replied. “You’re the man who came here today—”
“Assurément, Monsieur, and I have returned with these
gentlemen of the police. We would speak with you if you
can spare us a few minutes. If you find it inconvenient — eh
bien, we shall speak with you nevertheless.”
“With me? About what?”
“Oh, various matters. The matter of the so abominable
mummy you endowed with pseudo-life by means of certain
charms you learned as a member of la Société de la
Résurrection Esotérique, by example. Also about the death
of Monsieur Joe-Louis the Louse which was occasioned
yesternight by that same mummy, and of the attack on
Mademoiselle Edina Laurace by your utterly detestable
The fat face looking at us underwent sudden transformation.
The childish, peevish mouth began to twist convulsively
and little streams of saliva dribbled from its corners.
“You can’t do anything to me!” Loftus exclaimed. “I deny
everything. I never had a mummy; never raised it from the
dead; never sent it out to kill — who would believe you if
you tried to bring me into court on such a charge? No judge
would listen to you; no jury would convict me—”
“Silence, cochon!” cried de Grandin sharply. “Go up the
stairs and pack a valise. We take you to the Bureau de Police
all soon.”
The fat man stepped back, looking at him with an almost
pitying smile. “If you wish to make a fool of yourself—”
“Allez vous-en!” the Frenchman pointed to the stairs. “Go
pack your things, or we shall take you as you stand. Your
execrable mummy we have burned to ashes. For you the fire
of the electric chair awaits. Yes.”
As Loftus turned to mount the stairs the little Frenchman
whispered to Costello: “He has right, by damn it! He could
not be convicted in a modern court of law, especially in this
country. We might as well charge him with riding on a
broomstick or turning himself into a wolf.”
“Be dad, sor, ye’ve got sumpin there,” Costello admitted
gloomily. “We seen th’ whole thing wid our own ten eyes;
we seen ye fight wid it an’ finally make a bonfire out o’ it,
but if we tried to tell it to a judge he’d have all five o’ us in
th’ bughouse quicker’n ye could say ‘Scat!’ so he would.”
“Précisément. For that reason I ask that you will go out on
the porch and await me. I have a plan.”
“I don’t see how ye’re goin’ to work it, sor—”
“It is not necessary that you see, my friend. Indeed, it is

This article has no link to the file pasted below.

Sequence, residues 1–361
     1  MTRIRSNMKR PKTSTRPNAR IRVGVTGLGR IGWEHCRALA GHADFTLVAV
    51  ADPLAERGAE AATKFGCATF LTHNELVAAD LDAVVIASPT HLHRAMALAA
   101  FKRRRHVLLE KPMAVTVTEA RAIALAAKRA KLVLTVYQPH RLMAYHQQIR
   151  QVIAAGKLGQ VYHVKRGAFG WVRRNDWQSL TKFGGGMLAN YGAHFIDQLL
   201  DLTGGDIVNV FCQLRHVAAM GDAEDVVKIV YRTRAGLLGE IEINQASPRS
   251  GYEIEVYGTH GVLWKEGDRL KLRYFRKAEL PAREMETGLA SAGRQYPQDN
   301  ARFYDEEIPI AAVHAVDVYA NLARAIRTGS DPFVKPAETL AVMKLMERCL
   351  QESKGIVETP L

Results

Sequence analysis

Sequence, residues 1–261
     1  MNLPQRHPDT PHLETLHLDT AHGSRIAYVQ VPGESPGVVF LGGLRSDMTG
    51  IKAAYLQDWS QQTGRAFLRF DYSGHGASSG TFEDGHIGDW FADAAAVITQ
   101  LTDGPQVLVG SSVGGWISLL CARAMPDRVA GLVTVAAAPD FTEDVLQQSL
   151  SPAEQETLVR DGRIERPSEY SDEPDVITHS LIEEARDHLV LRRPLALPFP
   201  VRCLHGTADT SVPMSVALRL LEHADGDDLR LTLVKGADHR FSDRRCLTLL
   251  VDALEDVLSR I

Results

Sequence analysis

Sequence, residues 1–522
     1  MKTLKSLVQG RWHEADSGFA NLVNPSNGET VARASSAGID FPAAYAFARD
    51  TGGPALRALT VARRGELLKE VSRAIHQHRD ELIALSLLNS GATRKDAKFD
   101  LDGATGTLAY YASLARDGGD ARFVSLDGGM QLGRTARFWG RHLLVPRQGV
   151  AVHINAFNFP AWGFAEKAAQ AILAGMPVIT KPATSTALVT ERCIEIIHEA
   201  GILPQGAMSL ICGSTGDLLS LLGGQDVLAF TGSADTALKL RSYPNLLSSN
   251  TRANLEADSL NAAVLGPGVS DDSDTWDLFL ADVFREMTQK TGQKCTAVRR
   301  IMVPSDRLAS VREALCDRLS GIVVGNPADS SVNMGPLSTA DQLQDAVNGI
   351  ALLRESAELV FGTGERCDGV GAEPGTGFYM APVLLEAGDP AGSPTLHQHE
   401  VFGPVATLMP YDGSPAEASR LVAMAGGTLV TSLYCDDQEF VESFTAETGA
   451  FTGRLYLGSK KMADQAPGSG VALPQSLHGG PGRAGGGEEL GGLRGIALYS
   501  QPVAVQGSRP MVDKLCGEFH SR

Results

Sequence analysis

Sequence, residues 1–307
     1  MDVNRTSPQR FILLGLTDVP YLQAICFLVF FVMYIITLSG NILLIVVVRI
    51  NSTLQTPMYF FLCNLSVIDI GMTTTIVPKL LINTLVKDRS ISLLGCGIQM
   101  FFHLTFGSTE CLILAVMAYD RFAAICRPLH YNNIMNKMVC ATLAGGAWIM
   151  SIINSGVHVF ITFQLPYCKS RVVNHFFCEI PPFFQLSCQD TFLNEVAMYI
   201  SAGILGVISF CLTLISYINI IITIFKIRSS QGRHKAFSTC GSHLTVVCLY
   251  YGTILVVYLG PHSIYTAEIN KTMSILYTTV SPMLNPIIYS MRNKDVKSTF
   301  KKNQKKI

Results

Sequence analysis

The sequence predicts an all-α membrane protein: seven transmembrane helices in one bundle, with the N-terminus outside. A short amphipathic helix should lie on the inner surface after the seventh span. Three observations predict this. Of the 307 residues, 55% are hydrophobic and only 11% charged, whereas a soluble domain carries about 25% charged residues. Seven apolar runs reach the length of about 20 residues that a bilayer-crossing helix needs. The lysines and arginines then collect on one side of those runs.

far better that you do not. Be swift and do as I say. In a
moment he will be among us; then it will be too late.”
We filed out the door and waited on the little roofless
porch before the house. “If this ain’t screwy,” Dogherty
began but got no further, for a sharp cry, half of protest, half
of terror, sounded from the house, and we rushed back into
the vestibule. The door had swung to behind us and the lock
had snapped, so while Costello and Dogherty beat on it
Schmelz and I raced to a window.
“We’re coming!” I called as Sergeant Schmelz broke the
glass, thrust his hand through the opening and undid the
lock. “We’re coming, de Grandin!”
Costello and Dogherty forced the front door as Schmelz
and I broke through the window, and the four of us charged
into the hall together. “Howly Mither!” exclaimed Costello.
Loftus lay at the foot of the stairs as oddly and grotesquely
lifeless as an over-stuffed scarecrow. His head was bent at an
utterly impossible angle, and his arms and legs splayed out
from his gross body, unhinged and nastily limp at knees and
De Grandin stood above him, and from the expression on
his face I could not determine whether laughter fought with
weeping or weeping with laughter. “Je suis desolée — I am
completely desolated, my friends!” he told us. “Just as
Monsieur Loftus was about to descend the stairs his foot
slipped and he fell heavily. Hélas, I fear his neck is broken.
Indeed, I am quite sure of it. He are completely dead. Is it
not deplorable?”
Costello looked at Jules de Grandin, Jules de Grandin
looked at Costello, and nothing moved in either of their
faces. “Ye wouldn’t ’a’ helped him be any chanct, would ye,
sor?” the Irishman asked at length.
“Helped him, mon lieutenant? Alas, no. He was below me
when he fell. I could not possibly have caught him. It is
unfortunate, disastrous, most regrettable — but that is how
things are. Yes.”
“Yes, sor,” Costello answered in a toneless, noncommittal
voice. “I had a hunch that’s how things would turn out.
“Schmelz, Dogherty, why th’ divil are ye standin’ there
gapin’ like ye’d never seen a dead corpse before, an’ ye both
members o’ th’ hommyside squad? Git busy ye omadhauns.
Tellyphone th’ coroner an’ tell him we’ve a customer for
“An’ now, sor, what’s next?” he asked de Grandin.
“Eh bien, my old and rare, what should men do when they
have finished a good day’s work?”
“Sure, Dr. de Grandin, sor, ye’d never be advisin’ that we
take a wee dhrap o’ th’ potheen, would ye?”
They exchanged a long, solemn wink.